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Meat sellers strike following crackdown in India

Post a commentBy Raghavendra Verma , 04-Apr-2017
Last updated on 04-Apr-2017 at 13:24 GMT2017-04-04T13:24:51Z

Some butchers could struggle to meet new and improved hygiene standards
Some butchers could struggle to meet new and improved hygiene standards

Meat traders from India’s most populous state, Uttar Pradesh, are on indefinite strike to protest the new Hindu nationalist state government’s forced closure of slaughterhouses and meat shops. 

Traders allege the government action specifically targets Uttar Pradesh’s minority Muslim community. “We are facing harassment,” Mohammad Yusuf Qureshi, state president of All India Jamaat-ul-Quraish, a meat traders’ association, told GlobalMeatNews.

The problems have emerged following the victory by the Bharatiya Janata Party (BJP) of Indian Prime Minister Narendra Modi in the state assembly elections held in March – the party had “promised during the election campaign that they will close down the abattoirs”, noted Qureshi.

Hindu nationalist leaders allege that many of the targeted abattoirs routinely slaughter cows , which is a criminal offence in the state of 204 million inhabitants, as cows are considered holy by Hindus. Qureshi claimed that soon after the new government took office on 19 March, officials were given verbal orders to be very strict with the meat industry, which is almost entirely run by Muslims (who make up about 19% of the population) and generate annual sales of US$2.6 billion.

Small butchers may struggle

It was an easy target because many meat businesses were operating without proper licences as previous administration was lax in processing documents, he said. “If they do not follow the rules, they have to be shut down,” P K Singh, a health officer for the municipal corporation of state capital Lucknow told GlobalMeatNews. The various requirements for securing government approval for operations as listed by Singh include demonstrating slaughterhouses are clean, have proper waste disposal, do not slaughter in the streets or near residences and (for retailers) do not hang meat outside their shops.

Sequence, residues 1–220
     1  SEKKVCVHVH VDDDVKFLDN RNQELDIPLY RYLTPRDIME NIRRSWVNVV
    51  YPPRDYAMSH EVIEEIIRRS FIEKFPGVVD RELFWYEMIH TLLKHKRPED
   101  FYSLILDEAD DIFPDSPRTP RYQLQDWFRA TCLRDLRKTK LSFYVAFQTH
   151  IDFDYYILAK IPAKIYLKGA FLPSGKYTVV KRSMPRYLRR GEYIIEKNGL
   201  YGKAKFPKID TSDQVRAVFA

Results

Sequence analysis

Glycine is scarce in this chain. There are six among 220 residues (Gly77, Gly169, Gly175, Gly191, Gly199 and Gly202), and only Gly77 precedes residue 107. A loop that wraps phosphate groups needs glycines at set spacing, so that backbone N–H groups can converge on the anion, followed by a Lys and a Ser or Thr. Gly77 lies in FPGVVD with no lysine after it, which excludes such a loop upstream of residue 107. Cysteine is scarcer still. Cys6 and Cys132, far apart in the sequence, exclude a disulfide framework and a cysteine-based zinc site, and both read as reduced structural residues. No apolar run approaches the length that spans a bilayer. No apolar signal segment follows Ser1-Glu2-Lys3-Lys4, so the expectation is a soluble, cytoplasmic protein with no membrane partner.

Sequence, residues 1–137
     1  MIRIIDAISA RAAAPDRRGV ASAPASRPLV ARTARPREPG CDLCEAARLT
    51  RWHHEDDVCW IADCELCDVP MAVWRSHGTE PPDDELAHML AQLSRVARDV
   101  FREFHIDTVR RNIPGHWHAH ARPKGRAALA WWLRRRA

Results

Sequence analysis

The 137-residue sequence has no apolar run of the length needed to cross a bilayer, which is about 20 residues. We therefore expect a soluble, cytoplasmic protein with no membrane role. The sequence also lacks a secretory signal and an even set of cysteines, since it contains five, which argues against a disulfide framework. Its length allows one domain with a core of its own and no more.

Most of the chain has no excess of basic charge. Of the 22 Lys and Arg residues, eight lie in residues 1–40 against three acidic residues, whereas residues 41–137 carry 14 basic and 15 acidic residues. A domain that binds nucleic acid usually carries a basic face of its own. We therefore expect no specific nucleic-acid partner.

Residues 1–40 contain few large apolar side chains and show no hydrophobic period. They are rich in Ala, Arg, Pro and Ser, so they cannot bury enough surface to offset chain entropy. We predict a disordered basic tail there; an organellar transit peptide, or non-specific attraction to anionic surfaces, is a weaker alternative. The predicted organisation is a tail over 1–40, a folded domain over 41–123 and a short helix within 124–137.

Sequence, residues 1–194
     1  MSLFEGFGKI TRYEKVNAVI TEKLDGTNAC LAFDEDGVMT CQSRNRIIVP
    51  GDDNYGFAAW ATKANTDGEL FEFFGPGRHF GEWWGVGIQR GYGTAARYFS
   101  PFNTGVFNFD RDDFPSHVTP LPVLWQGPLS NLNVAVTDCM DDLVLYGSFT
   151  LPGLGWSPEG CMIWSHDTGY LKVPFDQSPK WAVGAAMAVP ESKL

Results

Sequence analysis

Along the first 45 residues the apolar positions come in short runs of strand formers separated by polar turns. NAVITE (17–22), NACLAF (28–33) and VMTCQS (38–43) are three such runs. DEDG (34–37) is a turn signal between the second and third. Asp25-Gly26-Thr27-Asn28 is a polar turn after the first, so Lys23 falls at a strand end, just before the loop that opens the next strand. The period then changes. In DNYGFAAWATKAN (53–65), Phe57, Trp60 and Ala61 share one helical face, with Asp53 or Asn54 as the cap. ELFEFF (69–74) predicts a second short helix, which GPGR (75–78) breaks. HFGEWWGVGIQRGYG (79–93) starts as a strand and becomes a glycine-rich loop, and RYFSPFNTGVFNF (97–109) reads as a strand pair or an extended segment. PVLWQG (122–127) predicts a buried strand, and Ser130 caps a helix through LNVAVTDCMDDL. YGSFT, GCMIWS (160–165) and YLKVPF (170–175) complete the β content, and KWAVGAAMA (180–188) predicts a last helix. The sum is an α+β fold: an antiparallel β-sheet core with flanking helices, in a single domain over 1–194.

Small roadside butchers’ shops will struggle to meet these norms, although larger slaughterhouses have the capacity to improve. In Lucknow’s Motijheel slaughterhouse, visited by GlobalMeatNews after its closure on 23 March, conditions were grim. Situated in the middle of a graveyard, its walls were broken, its roof was crumbling, the place was full of flies and birds. There was no provision for liquid waste disposal and bones and dirt were scattered all around.

Qureshi said that it was unfair to expect butchers to maintain the abattoirs when their premises (as in this case) belonged to the municipal authorities. “An alternative arrangement should have been made before ordering their closure,” he said. However, he admitted: “There have been some shortcomings at our end also.” For that reason, he said that meat professionals from all over the state would assemble on 6 April in Lucknow, where they would be told to maintain hygiene and make structural changes to conform to the newly enforced norms at the earliest opportunity.

Health authorities do not expect that to happen immediately. “As soon as they do it, they will be allowed to restart the business,” said Singh. “Let’s see if they manage it in 10 to 15 days.

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